Will we ‘Graph Search’ instead of Google search soon?

Graph Search is a recently announced feature from Facebook and it’s potentially a game changer in the search category, currently dominated by Google.  Getting people to utilize a new search tool within Facebook, is all aimed at keeping them within the platform, where the company can monetize their presence through targeted business advertising tied back to their search results. Facebook has compiled an incredible graph of aggregated data, that when combined with search, has the ability to deliver very personalized results based on your profile and your friend’s experiences.

Suddenly a Google search could go from yielding 1,000 results for “Best restaurant in Paris” to perhaps the top 5 as aggregated by recommendations based on your friend’s personal experiences. That in it self is a pretty compelling draw, but if you add an additional layer of localized search enabled from mobile devices, where your physical proximity, is further aggregated with results to suggest the restaurant recommended by friends that is within walking distance at that very moment, that is the wholly grail. It is at that point that search not only becomes personal, but also location based, and in an increasingly mobile web environment, that is where all this is headed.

Local services such as lawn care, roofing, decorating, plumbing, dry cleaning or shoe repair have not by and large, adopted Facebook pages and social media campaigns yet. However, search tied to location and aggregated data, including friend’s recommendations, could dramatically change that. Want to find a roofing company that did work for your neighbours and was recommended by your friends? You’ll be able to do that on Facebook. Makes a simple Google search for roofers and Vancouver, where I live, seem passé.

Google of course is the king of search. However, Facebook took a shot at them when they declared, “The difference between web search and Graph Search is that Graph Search shows you the answer and not links to answers.”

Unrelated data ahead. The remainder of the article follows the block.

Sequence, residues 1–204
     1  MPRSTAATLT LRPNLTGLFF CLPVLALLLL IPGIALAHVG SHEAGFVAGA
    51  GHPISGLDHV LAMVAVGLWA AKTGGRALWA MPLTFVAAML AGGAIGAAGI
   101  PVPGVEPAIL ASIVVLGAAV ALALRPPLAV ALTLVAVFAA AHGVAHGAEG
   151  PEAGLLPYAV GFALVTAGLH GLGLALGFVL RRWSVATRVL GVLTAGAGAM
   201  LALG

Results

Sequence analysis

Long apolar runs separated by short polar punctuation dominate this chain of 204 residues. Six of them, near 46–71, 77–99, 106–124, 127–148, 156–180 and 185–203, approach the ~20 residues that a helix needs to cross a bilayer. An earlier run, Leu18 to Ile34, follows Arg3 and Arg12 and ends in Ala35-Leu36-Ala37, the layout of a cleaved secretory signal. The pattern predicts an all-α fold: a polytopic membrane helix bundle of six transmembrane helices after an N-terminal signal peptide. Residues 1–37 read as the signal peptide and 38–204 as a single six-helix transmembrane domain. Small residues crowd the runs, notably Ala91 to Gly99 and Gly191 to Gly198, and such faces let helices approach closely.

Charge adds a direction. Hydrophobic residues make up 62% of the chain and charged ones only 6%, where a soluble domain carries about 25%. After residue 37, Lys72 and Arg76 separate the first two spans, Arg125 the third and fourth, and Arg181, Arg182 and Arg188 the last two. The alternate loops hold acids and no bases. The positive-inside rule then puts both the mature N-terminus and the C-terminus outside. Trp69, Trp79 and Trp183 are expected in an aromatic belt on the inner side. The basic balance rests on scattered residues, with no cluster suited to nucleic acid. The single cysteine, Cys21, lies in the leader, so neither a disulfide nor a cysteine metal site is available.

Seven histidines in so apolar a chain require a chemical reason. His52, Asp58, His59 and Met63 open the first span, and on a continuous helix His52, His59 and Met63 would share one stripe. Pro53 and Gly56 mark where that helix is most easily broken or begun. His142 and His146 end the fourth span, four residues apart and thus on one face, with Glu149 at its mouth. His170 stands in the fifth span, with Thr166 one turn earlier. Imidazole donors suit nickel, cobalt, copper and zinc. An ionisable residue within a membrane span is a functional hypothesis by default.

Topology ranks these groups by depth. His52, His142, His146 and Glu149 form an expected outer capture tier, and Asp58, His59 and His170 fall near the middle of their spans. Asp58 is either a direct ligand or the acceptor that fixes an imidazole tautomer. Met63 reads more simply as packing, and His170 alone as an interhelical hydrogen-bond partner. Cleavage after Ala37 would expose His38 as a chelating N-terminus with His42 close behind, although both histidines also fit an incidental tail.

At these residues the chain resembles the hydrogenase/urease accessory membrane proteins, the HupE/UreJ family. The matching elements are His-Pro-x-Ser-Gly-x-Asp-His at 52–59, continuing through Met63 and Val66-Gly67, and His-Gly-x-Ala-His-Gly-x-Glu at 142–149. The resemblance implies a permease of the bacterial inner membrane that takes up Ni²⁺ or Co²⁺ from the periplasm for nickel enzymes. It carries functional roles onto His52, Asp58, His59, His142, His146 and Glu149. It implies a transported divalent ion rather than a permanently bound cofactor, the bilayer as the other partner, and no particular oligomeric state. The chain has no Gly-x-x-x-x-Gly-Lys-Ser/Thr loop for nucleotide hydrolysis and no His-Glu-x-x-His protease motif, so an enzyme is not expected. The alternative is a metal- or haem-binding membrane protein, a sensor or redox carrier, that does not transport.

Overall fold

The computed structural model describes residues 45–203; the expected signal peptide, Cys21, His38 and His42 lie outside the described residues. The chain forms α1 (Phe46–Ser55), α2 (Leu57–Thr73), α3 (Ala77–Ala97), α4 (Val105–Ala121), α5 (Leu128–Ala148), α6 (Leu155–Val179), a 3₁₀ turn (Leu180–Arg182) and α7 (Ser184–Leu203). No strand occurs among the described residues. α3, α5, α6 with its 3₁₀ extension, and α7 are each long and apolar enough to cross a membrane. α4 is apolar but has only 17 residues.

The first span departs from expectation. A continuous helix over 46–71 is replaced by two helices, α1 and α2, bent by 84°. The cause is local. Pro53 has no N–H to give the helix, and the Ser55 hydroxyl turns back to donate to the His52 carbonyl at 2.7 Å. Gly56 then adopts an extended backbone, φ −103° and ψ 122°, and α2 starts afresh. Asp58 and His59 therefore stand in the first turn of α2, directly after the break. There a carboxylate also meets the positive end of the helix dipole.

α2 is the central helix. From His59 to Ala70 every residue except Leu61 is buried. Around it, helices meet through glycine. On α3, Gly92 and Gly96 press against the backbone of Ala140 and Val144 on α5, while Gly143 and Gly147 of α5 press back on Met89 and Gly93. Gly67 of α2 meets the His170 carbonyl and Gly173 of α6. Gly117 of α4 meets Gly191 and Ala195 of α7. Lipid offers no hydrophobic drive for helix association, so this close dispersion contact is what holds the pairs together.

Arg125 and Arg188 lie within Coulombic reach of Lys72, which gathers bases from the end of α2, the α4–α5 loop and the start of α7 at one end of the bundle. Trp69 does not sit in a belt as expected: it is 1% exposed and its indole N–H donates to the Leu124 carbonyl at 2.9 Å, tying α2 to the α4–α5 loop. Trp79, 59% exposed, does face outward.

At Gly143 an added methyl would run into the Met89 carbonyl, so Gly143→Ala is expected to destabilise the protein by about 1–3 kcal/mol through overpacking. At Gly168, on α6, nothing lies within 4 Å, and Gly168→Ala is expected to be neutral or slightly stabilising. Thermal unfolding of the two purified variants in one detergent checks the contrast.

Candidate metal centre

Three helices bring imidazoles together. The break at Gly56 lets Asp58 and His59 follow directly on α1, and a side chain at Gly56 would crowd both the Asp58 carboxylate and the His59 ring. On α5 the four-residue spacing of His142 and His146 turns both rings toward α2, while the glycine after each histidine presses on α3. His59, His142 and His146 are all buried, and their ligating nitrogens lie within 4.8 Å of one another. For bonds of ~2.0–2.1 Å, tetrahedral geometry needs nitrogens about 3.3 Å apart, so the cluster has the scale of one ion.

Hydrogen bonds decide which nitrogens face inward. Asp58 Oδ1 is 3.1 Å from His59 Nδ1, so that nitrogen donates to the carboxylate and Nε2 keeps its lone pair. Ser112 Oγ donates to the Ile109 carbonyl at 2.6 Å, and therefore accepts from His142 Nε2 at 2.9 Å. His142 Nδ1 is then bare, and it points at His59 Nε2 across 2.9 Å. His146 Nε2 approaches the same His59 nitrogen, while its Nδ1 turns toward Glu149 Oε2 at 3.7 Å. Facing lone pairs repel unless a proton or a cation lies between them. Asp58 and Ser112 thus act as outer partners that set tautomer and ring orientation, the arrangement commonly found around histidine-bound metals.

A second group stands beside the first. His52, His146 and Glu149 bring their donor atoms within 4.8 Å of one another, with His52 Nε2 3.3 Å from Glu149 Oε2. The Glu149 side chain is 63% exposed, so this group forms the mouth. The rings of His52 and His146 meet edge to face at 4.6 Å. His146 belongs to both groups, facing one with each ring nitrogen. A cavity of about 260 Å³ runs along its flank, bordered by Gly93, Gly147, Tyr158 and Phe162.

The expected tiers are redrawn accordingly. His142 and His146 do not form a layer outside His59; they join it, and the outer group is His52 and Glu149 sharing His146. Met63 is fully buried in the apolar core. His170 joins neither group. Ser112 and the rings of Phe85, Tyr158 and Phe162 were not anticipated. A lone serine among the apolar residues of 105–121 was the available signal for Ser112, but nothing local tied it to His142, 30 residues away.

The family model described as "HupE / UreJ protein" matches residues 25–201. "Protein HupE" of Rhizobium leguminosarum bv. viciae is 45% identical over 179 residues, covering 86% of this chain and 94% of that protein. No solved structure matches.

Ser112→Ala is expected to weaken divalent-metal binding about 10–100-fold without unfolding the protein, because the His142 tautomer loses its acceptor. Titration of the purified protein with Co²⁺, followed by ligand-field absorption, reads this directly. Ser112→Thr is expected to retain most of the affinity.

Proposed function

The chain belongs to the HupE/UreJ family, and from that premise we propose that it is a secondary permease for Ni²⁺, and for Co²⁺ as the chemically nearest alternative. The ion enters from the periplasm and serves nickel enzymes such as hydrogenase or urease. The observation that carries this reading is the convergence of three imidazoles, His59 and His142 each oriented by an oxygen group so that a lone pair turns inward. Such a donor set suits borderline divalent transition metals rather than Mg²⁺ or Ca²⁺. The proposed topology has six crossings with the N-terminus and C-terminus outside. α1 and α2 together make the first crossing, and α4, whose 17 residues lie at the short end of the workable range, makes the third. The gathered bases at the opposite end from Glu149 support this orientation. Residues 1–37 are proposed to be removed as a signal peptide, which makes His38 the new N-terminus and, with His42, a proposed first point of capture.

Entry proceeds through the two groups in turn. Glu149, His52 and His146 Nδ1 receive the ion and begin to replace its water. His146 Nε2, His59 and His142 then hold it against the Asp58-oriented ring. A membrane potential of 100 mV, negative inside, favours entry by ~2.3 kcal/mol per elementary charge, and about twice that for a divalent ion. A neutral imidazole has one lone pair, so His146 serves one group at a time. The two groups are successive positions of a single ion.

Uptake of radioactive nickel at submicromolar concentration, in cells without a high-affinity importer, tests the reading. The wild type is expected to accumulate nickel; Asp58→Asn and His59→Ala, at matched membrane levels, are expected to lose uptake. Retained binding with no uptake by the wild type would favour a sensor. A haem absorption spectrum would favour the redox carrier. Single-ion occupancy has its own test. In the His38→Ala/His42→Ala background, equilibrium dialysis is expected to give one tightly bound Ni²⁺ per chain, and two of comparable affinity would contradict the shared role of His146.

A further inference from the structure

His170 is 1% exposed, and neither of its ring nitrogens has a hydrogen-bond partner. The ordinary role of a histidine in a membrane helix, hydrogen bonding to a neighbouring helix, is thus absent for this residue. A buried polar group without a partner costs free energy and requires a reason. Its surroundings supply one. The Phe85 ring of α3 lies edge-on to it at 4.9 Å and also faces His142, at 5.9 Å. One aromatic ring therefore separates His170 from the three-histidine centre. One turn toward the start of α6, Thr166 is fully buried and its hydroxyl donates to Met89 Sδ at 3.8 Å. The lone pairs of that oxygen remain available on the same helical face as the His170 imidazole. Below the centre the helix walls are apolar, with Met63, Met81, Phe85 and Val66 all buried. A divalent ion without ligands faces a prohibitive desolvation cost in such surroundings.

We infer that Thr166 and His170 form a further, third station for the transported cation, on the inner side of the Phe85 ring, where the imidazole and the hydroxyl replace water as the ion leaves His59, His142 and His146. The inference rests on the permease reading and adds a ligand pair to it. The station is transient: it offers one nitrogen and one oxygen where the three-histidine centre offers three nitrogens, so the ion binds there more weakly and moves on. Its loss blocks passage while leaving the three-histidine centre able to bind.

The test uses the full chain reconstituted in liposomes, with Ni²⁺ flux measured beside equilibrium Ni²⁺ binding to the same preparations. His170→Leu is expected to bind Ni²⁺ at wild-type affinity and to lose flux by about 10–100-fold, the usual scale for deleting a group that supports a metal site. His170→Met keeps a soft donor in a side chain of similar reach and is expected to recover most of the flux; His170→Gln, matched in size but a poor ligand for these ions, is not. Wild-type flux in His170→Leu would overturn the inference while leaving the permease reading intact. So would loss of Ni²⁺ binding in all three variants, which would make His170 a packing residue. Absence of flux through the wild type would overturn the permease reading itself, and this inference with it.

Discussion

One benefit to marketers is that Facebook will be conditioning its billions of users to search for what they’re looking for, thus divulging intent, something they have never before been able to capture. The combination of social context (what your friends like) and intent (what you’re looking to buy) will make it possible for advertisers to take Facebook’s already amazing targeting to the next level.

I’m not sure where all this leaves Google+ but I would be very surprised to not see Google attempt to unite their own properties in a similar offering.

It’s a high stakes game, and this major move by Facebook puts them squarely in Google’s search territory. Currently Graph Search is in Beta form available to limited users. That won’t last long.

Look out. This could get interesting.

Mary Charleson


  1. Interesting. I did not look at it in this way. I was worrying that with this new search engine there would be less or even no more privacy, and the number of bullying issues will increase even more than before. However, from now on, I will look forward to see what will happen in terms of local businesses’ improvement and Google attempt. Thanks.

  2. This is a very interesting article and I have previously written about the future of search, the web, and technology in general, so there are a lot of opinions I want to share.

    Graph Search is a marketing spin on the existing concept of AI search. The “algorithm” that was mentioned in our Thursday class has evolved from being a complicated formula to now a software designed to simulate AI. The most successful example in consumer electronics is Siri, the software acquired by Apple in April 2010.

    “The difference between web search and Graph Search is that Graph Search shows you the answer and not links to answers.”

    This quote, in context, is correct. However, Google Search is no longer just web search. Google Search as a product has also been evolving with the times to incorporate AI elements. After beta testing in Google Labs, some experiments graduate to be silently integrated into Google Search. In earlier days, users began solving mathematical equations and computing currency exchanges by typing in the search box. Now, users can type in many questions regarding release dates, event dates, birthdays of well-known people, and other facts to get the answers on top of the search results.